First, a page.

For starters, this means targeting strategic suppliers. “We know that 20 per cent of our supply chain for operational are responsible for 80 per cent of the emissions,” Barrett says. “By working with our strategic suppliers, we were able to identify carbon and cost savings of 30-40 per cent and implemented actual savings of 20-30 per cent, which didn’t require massive changes in their business.”
“We know that 20 per cent of our supply chain for operational are responsible for 80 per cent of the emissions”
Julia Barrett, Willmott Dixon
A similar approach to cutting Scope 3 emissions is taken by Skanska. It wrote to all of its top suppliers back in 2019, asking them to collaborate in its effort to hit net zero and start gaining the skills they needed to do so.
Another way of targeting the biggest chunks of Scope 3 emissions is to pinpoint the most polluting packages of subcontracting work. Robertson is doing just this as part of a sustainable growth agreement with the Scottish Environment Protection Agency.
For this project, it is analysing the construction supply chain in Scotland and using this analysis to produce heat maps of the most carbon-intensive works, and “learning pathways” and reporting tools for supply-chain suppliers and subcontractors. Unsurprisingly, it found groundworks and earthworks to be the most carbon-intensive on-site activities for their use of heavy equipment.
Robertson’s own efforts to collaborate with subcontractors to reduce Scope 3 emissions are helped by its regional construction model.
Such an approach is used by other Scottish tier one firms with headquarters in the central belt of Glasgow and Edinburgh, says its director of sustainability and social impact, Graeme Hannah. “By having construction teams in these regional businesses, we’re able to engage well with the local community and with a partnership model with the local supply chain. This helps keep our Scope 3 emissions down.”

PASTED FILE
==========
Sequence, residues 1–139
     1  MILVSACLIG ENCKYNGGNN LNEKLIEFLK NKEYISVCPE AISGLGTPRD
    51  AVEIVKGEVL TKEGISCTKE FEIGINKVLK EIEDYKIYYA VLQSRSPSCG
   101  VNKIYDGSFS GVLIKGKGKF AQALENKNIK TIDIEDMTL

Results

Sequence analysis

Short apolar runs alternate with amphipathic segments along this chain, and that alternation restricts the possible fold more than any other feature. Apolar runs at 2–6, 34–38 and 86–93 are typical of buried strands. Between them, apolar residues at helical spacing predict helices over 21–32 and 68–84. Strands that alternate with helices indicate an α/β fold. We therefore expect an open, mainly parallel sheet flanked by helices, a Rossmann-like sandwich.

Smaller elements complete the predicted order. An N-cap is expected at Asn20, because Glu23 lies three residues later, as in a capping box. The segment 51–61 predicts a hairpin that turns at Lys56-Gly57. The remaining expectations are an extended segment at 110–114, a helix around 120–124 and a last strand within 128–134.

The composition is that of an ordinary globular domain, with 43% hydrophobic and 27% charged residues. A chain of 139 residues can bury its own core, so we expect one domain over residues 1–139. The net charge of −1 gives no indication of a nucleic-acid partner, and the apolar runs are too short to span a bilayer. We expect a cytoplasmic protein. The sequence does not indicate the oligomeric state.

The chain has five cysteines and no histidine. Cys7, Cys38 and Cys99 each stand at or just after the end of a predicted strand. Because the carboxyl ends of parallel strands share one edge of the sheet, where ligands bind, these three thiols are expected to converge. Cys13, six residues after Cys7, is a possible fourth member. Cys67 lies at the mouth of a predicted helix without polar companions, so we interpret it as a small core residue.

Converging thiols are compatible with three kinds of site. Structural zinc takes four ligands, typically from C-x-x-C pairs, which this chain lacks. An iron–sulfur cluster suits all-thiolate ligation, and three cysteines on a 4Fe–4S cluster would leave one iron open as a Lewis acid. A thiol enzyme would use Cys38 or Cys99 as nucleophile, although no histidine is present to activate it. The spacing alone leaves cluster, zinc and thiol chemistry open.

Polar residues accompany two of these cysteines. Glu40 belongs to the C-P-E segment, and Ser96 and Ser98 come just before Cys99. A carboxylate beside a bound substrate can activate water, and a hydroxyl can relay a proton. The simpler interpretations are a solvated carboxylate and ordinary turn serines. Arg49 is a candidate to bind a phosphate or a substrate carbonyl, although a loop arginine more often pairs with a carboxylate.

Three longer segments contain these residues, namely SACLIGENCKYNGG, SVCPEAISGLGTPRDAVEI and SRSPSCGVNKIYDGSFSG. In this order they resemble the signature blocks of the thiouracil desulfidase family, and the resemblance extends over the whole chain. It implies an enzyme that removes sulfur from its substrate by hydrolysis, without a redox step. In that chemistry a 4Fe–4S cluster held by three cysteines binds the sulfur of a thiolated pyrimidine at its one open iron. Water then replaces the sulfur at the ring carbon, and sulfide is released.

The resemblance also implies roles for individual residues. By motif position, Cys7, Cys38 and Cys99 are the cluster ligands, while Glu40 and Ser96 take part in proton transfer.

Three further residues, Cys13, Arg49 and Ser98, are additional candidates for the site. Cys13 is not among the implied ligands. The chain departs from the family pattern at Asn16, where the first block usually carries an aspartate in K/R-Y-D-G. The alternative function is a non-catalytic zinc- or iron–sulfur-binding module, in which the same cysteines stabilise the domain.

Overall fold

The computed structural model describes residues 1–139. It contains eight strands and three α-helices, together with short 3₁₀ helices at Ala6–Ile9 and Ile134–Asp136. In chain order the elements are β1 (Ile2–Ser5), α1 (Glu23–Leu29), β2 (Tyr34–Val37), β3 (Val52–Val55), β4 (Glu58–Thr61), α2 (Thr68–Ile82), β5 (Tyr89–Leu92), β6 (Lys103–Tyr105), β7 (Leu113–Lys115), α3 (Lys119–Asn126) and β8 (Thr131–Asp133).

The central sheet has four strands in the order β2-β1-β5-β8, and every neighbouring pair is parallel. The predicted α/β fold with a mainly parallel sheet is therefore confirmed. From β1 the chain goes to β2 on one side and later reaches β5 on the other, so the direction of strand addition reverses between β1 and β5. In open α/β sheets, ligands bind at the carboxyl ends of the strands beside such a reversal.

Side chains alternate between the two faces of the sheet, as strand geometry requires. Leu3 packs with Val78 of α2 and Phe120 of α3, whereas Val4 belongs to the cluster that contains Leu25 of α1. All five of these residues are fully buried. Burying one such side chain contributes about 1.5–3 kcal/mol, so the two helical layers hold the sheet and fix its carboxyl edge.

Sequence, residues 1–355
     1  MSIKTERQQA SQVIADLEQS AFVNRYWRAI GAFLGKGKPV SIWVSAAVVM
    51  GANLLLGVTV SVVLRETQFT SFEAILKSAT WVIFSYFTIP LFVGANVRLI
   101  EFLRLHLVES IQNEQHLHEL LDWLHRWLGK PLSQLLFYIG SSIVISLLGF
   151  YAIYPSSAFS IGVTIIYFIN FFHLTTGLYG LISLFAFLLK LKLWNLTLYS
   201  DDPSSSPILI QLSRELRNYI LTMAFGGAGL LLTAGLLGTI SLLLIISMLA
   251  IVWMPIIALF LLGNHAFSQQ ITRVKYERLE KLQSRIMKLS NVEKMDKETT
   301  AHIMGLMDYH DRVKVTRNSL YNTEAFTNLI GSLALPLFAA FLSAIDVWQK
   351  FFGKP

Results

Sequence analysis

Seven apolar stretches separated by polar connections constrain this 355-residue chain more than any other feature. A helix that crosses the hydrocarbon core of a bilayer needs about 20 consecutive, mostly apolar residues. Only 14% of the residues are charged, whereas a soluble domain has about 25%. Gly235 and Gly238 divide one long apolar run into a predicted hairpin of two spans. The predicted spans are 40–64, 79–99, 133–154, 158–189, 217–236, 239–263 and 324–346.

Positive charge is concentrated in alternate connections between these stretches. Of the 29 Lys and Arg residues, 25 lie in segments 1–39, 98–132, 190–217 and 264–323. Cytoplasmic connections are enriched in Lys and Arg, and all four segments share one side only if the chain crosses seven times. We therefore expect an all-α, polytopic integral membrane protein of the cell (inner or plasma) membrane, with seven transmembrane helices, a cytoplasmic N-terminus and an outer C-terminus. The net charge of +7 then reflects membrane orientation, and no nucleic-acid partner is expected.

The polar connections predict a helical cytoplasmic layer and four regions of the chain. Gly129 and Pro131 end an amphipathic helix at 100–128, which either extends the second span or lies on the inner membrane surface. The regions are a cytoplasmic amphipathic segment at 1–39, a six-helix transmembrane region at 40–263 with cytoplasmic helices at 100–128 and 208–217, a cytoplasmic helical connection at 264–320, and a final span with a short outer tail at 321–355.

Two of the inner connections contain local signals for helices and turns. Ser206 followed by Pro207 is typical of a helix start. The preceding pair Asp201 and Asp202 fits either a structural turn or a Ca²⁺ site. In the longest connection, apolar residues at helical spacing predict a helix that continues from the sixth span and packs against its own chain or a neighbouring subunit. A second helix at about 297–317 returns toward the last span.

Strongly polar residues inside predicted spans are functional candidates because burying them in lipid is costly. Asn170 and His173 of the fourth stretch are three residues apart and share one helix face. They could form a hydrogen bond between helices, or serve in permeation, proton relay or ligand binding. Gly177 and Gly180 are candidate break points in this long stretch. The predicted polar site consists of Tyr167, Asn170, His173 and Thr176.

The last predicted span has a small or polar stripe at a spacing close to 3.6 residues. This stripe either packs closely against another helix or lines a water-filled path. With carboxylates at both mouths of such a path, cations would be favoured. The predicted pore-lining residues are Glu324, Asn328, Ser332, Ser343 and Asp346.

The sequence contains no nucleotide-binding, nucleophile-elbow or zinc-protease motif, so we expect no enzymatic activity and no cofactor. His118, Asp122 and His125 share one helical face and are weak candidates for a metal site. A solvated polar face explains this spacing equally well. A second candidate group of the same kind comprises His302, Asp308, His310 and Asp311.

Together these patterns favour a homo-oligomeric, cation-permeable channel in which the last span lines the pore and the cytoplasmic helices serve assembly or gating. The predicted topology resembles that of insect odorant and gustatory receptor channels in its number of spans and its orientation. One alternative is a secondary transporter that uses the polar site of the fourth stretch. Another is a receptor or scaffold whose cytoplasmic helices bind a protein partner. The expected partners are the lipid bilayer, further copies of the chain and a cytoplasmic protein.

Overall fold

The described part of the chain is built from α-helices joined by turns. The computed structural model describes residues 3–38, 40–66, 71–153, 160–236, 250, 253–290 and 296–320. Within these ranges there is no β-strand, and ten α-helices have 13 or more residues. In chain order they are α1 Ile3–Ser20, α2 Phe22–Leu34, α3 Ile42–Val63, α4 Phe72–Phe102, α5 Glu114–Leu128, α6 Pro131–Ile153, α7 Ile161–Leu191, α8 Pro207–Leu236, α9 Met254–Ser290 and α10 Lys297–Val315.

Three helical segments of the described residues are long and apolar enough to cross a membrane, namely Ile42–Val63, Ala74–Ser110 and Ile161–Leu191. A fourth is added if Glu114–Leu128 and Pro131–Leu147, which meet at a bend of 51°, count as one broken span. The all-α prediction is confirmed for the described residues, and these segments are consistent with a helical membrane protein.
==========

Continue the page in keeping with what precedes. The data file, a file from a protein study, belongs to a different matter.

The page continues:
Robertson became carbon-neutral for its own activities in 2018, after deciding to offset all its emissions that year. By fixing this level of offsetting in 2020, while continuing to reduce its own emissions, it became “climate positive” last year, meaning that its activities actually produce an environmental benefit.
Cuts both ways
Calls from contractors for collaboration can cut both ways, of course. Reducing Scope 3 emissions isn’t just about subcontractors improving their practice and handing over their emissions data. It’s also about how contractors can get the best out of their subcontractors and suppliers.
“In construction, no one company has the answer to reaching net zero,” says Tarmac sustainability director Martyn Kenny. “The supply chain has such an important role to play to ensure the end-product is as low-carbon as possible.”
Training has a big role to play in hitting net zero, contractors say. “Organisations need to ensure their boards, executive and other key people fully understand and are literate on these issues,” says Skanska’s Crossley. The company has developed bespoke training courses in-house for key staff, such as project leaders, designers and procurement staff.
Robertson’s Hannah says his firm empowers staff to make good decisions on decarbonisation with training, management plans and site visits. “Sustainability teams are generally small teams within bigger organisations. We can’t do everything.”
Another challenge with Scope 3 emissions is that, by definition, the firms and workers who are in the best position to reduce them are not under the control of contractors. To address this, many companies – including Willmott Dixon, Skanska and Robertson – fund an industry collaboration body, the Supply Chain Sustainability School. Founded in 2012 by seven tier one firms, it offers free training and guidance, and is now financially supported by 180 companies.
“In construction, no one company has the answer to reaching net zero”
Martyn Kenny, Tarmac
The school has become a useful resource in the industry in the drive for net zero. Last summer, it launched a tool to simplify the reporting of Scope 3 emissions. This works by allowing subcontractors to make a single upload of their total Scope 1 and 2 emissions. Contractors use this upload to calculate their share of these total emissions. Their share is based on their proportion of the subcontractors’ turnover.
Barrett admits the calculation is a proxy and “slightly imperfect”. “But what it means is that subcontractors report once and they’ve done it,” she adds. “It is demonstrating the direction of travel in a light-touch way. The last thing we want to do is be adding [a] burden to them.”
In the increasingly challenging quest for net zero, contractors should never let “perfect be the enemy of good”, Barrett adds.
In the ever-changing world of net zero, that seems sage advice.